April is Autism Acceptance Month. This is a starting point resource for employers to actively support and recognize individuals in their workforce who have autism spectrum disorder (ASD) as well as employees who have children with autism. Learn how your organization can recognize Autism Acceptance Month.
Autism Acceptance Month, alternatively referred to as Autism Awareness Month, recognizes individuals with autism spectrum disorder (ASD) and aims to increase societal understanding of the different ways in which individuals with ASD experience life. ASD is a neurological and developmental disorder that affects each individual differently, and it is most often recognized in early childhood.
You may have individuals with ASD employed in your organization, and others in your workforce may have children who have been diagnosed with autism. According to 2017 data collected by the Centers for Disease Control and Prevention (CDC), an estimated 5.4 million adults (2.2%) have ASD. In children, the number of ASD diagnoses has increased over the past couple of decades. In 2018, about one in 44 children had been diagnosed by the age of 8 — up from one in 150 in 2000.
According to the National Institute of Mental Health, individuals with ASD may have difficulty communicating with other people, interacting socially, and understanding others’ actions or points of view. Exhibiting repetitive behaviors and showing a strong focus on a singular topic or hobby are common, as is becoming upset when routines are changed. Individuals with ASD often excel in areas such as music, art, math, and science and exhibit strong auditory and visual learning abilities and an exceptional memory for details.
What makes it a spectrum disorder is the variation in symptoms and their severity, which is different for each individual with ASD. While some individuals require great lifestyle modifications, others live relatively normal lives with only minor accommodations.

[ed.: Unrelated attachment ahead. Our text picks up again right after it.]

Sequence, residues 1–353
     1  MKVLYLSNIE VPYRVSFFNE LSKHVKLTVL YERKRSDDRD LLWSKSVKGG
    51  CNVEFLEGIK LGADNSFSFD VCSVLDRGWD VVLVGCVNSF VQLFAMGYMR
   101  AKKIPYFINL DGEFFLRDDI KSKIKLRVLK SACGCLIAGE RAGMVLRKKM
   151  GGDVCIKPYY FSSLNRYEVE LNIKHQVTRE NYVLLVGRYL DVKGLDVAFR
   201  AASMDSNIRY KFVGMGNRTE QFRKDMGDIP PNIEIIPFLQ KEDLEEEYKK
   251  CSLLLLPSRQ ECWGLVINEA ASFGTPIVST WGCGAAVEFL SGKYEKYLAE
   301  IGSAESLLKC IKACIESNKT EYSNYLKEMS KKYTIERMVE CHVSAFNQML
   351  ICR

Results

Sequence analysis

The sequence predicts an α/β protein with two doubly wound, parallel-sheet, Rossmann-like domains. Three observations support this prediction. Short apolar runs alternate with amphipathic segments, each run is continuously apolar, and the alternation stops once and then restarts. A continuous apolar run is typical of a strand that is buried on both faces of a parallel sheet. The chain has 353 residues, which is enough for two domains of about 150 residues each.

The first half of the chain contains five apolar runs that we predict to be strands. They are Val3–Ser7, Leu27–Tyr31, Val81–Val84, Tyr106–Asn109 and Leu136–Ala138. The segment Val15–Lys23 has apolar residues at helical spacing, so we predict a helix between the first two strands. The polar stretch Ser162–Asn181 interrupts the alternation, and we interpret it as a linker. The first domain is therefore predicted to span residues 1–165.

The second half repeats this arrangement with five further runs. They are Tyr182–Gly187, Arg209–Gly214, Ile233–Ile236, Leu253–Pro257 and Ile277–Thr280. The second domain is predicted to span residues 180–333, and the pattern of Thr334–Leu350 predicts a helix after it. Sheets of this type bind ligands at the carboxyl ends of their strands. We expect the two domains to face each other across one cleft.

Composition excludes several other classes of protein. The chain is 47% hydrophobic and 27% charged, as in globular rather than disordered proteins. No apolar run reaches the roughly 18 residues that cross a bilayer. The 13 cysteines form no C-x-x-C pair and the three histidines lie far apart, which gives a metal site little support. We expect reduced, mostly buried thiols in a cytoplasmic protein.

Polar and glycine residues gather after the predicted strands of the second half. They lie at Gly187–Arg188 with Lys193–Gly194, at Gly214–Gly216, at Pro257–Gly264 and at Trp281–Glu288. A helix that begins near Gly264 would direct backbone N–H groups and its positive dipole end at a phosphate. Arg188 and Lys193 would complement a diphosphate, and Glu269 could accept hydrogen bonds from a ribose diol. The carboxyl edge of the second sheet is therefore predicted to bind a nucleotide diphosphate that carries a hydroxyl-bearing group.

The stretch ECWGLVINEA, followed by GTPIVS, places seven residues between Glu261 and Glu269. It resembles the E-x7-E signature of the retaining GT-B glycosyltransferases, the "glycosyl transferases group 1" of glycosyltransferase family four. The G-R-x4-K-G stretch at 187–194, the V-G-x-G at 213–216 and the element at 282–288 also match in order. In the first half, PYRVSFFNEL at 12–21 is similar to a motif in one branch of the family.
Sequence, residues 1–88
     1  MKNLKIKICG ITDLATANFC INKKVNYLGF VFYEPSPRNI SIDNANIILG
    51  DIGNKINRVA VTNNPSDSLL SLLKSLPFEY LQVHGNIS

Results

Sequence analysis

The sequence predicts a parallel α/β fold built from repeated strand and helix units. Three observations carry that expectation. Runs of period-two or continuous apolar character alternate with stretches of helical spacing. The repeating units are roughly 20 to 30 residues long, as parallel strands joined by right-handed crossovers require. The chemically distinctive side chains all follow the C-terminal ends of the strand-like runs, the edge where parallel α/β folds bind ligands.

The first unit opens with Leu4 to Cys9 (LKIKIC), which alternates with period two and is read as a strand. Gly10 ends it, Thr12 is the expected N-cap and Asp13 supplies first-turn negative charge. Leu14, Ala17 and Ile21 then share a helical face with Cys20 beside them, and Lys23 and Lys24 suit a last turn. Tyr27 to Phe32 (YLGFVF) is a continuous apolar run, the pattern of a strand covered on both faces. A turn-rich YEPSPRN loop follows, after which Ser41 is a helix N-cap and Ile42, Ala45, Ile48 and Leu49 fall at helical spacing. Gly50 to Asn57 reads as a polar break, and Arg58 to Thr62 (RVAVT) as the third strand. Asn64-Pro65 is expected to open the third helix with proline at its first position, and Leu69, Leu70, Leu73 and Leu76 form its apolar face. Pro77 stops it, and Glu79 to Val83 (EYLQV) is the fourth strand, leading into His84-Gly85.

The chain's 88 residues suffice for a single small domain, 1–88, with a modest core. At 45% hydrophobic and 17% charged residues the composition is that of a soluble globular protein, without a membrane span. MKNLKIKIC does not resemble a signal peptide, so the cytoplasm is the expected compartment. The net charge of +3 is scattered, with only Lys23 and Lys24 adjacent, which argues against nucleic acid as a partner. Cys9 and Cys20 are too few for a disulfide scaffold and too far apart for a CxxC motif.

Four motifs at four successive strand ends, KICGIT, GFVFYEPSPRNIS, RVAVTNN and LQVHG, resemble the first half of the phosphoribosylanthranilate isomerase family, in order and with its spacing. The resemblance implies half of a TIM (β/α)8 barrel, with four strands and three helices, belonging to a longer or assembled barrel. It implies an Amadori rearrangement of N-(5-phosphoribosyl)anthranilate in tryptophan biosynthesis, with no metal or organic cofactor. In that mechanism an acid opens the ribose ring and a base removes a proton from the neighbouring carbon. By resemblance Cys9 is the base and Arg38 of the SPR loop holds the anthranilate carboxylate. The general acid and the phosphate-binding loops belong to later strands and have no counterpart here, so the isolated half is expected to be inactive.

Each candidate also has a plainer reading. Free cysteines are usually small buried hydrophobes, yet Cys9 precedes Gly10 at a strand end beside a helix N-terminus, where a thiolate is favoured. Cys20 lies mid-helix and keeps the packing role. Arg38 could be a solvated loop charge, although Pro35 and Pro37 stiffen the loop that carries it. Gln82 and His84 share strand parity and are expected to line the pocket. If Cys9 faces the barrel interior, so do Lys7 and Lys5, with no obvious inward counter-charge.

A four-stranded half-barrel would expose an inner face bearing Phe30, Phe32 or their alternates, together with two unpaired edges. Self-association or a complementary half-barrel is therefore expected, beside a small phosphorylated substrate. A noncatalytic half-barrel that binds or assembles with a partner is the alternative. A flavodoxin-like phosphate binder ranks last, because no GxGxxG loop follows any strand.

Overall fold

We’ve compiled a guide to help you understand the importance of Autism Acceptance Month and ideas on ways you can recognize it in your workplace.
Use the quick navigation links below to jump ahead to a specific topic:
- The History of Autism Acceptance Month
- Why Autism Acceptance Month Is Important
- How Autism Acceptance Month Is Traditionally Recognized
- Employee Considerations
- How to Recognize Autism Acceptance Month at Work
- Guest Speakers
- TED Talks and Documentaries to Watch
- Books to Read
- How Companies Are Celebrating Autism Acceptance Month
The History of Autism Acceptance Month
The origins of Autism Acceptance Month began with a week-long recognition called National Autistic Children’s Week, launched by the Autism Society of America in 1972. It evolved into the nationally celebrated Autism Awareness Month, which expanded the focus to understanding autism and how to create an inclusive society for all individuals with ASD, young and old. In 2021, the Autism Society suggested renaming it Autism Acceptance Month, acknowledging that beyond awareness is the acceptance of individuals with neurological and developmental differences and the commitment to developing the support needed to ensure an inclusive society for all. It continues to be referred to by both names. Globally, World Autism Month is also celebrated in April.
Also this month:
April 2 — World Autism Awareness Day
Why Autism Acceptance Month Is Important
Over the past decade, there has been an increased awareness of the differences, strengths, challenges, and needs of neurodivergent individuals in the workplace. The term neurodivergent includes ASD, Down syndrome, attention-deficit hyperactivity disorder (ADHD), dyslexia, and other neurological conditions.
Gaining a better understanding of what you can do as an employer to support your neurodivergent employees, including those with ASD, can help them thrive in their careers. Developing opportunities for your workforce to learn from your neurodivergent employees, such as hosting and participating in events throughout the month of April that recognize Autism Acceptance Month, can help you create a more inclusive culture where individuals with ASD feel better understood, supported, and appreciated for the strengths they bring to your organization. Additionally, this support should extend to your employees who are parents or caretakers of children and adults with ASD, ensuring they’re aware of the resources and benefits your company offers.